Blood Pressure

Hypertension or high blood pressure is a common problem as we all get older. We know that a higher blood pressure is associated with increased chance of cardiovascular problems such as stroke and heart attacks. It is therefore important to pick up patients with a high blood pressure and treat it adequately.


In order to diagnose blood pressure, it is sometimes necessary to send you away with a blood pressure machine and ask you to check your readings over 2 weeks. We have produced a form for you to record your blood pressure which can be downloaded here.

Sometimes in order to find out more about your blood pressure we may ask you to wear a blood pressure monitor over one to two days. Marie in our nursing team arranges this with patients if the Doctors ask for this. This is called Ambulatory Blood Pressure Monitoring or AMBP


What do the numbers mean?

There are 2 parts to the blood pressure:

The top (first) number is the systolic pressure. This is the pressure in the arteries when the heart contracts. 
- The bottom (second) number is the diastolic pressure. This is the pressure in the arteries when the heart rests between each heartbeat.


What are normal and high blood pressure values?

Normal blood pressure is less than 140/90 mmHg. (However, if you have diabetes you should aim to have a level less than 140/80 mmHg.)

Mildly high blood pressure is 140/90 mmHg or above, but below 160/100 mmHg. Treatment with tablets may be advised if it remains at this level, depending on whether you have other 'risk factors'.

Definitely high blood pressure is 160/100 mmHg or above. Treatment with tablets is usually advised if your blood pressure remains at this level.


What can I do to lower blood pressure?

Lose weight if you are overweight

Losing some weight can make a big difference. On average, blood pressure falls by about 2.5/1.5 mmHg for each excess kilogram which is lost. Losing weight has other health benefits apart from lowering blood pressure.

Exercise regularly

You should aim to do some exercise on 5 or more days of the week, for at least 30 minutes. For example, brisk walking, swimming, cycling, dancing, gardening, etc. Regular exercise can lower blood pressure in addition to giving other health benefits.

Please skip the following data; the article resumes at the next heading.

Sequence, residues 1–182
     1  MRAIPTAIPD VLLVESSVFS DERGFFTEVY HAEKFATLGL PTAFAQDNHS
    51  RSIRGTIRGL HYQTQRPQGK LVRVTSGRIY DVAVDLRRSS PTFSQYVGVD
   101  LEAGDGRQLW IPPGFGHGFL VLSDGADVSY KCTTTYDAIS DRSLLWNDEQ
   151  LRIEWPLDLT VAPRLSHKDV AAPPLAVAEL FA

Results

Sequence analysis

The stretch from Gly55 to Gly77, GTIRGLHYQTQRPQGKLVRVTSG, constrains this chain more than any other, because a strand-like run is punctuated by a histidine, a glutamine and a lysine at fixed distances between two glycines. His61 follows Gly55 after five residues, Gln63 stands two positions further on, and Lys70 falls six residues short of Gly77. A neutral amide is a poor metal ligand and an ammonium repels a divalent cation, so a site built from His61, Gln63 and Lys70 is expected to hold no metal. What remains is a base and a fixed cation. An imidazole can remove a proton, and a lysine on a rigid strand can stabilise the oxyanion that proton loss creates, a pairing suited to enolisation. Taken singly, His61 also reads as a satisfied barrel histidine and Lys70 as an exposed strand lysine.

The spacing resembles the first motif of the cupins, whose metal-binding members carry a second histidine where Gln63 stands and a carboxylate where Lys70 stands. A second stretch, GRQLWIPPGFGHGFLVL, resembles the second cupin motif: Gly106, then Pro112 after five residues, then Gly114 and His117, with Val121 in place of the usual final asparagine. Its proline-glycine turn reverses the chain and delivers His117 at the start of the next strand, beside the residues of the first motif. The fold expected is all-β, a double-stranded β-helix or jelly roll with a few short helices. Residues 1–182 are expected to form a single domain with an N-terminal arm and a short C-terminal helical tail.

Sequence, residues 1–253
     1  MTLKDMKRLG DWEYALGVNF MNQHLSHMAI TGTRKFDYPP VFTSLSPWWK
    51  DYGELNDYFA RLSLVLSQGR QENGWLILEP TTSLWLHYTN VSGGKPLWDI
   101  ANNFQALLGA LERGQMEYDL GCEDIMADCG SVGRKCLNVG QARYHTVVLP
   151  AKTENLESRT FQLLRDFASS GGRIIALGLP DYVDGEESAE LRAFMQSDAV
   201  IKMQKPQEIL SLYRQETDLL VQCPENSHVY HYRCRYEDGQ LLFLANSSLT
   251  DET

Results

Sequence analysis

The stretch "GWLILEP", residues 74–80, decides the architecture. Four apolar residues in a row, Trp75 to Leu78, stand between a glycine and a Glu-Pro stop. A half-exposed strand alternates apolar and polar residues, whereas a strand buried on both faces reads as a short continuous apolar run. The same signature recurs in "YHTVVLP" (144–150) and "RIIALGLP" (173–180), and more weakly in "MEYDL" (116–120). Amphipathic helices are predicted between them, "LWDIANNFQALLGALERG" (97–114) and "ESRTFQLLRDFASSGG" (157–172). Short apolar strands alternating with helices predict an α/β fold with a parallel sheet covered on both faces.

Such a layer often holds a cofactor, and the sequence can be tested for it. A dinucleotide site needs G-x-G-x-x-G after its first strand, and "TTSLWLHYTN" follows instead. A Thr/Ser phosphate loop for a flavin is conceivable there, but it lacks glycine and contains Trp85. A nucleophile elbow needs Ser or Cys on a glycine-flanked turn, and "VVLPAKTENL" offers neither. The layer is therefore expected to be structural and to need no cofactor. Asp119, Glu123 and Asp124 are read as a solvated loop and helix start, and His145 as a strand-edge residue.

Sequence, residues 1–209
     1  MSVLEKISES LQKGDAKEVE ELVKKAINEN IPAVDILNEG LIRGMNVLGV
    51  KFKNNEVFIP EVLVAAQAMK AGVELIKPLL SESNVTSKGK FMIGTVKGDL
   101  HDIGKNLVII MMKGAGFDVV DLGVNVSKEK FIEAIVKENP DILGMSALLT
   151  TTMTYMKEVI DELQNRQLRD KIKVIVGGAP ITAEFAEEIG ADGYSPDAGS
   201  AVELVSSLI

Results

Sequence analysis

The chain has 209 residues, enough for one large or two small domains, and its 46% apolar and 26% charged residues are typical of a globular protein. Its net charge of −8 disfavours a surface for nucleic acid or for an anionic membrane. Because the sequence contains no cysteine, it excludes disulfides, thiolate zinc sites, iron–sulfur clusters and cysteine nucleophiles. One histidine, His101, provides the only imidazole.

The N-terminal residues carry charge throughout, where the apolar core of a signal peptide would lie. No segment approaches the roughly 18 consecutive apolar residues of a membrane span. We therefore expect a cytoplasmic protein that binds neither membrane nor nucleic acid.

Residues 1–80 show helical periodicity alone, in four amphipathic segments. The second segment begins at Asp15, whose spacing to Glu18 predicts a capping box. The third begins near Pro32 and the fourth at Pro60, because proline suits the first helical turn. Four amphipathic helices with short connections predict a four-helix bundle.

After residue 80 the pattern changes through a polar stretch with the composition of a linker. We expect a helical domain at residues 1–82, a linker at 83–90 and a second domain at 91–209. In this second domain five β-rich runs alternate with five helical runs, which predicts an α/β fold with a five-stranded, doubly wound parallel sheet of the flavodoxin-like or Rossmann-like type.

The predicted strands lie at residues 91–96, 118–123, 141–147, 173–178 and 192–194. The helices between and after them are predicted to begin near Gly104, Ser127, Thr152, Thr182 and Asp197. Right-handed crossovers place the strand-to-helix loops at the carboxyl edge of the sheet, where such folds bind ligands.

Eat a healthy diet, which means

  • AT LEAST five portions of a variety of fruit and vegetables per day. 

  • THE BULK OF MOST MEALS should be starch-based foods (such as cereals, wholegrain bread, potatoes, rice, pasta), plus fruit and vegetables. 

  • NOT MUCH fatty food such as fatty meats, cheeses, full-cream milk, fried food, butter, etc. Use low fat, mono-, or poly-unsaturated spreads. 

  • INCLUDE 2-3 portions of fish per week. At least one of which should be 'oily' (such as herring, mackerel, sardines, kippers, pilchards, salmon, or fresh tuna). 

  • If you eat meat it is best to eat lean meat, or poultry such as chicken. 

  • If you do fry, choose a vegetable oil such as sunflower, rapeseed or olive oil. 

  • Try not to add salt to food, and avoid foods which are salty. 
o Use herbs and spices to flavour food rather than salt. 
  • Choose foods labelled 'no added salt' and try not add salt to food at the table.
  • Use fresh fish and meat rather than canned or processed.

A healthy diet provides health benefits in different ways. For example, it can lower cholesterol, help control your weight, and has plenty of vitamins, fibre, and other nutrients which help to prevent certain diseases. Some aspects of a healthy diet also directly affect blood pressure.

For example:

  • Increasing the number of portions of fruit and vegetables from 2 to 7 per day will, on average, reduce blood pressure by 7/3 mmHg. 

  • If this is combined with a low-fat diet, the effect on lowering blood pressure is greater. 

  • If you also keep to a low-salt diet, then the blood pressure may become even lower.

A diet which is low-fat, low-salt, and high in fruit and vegetables can lower systolic blood pressure by up to 11 mmHg.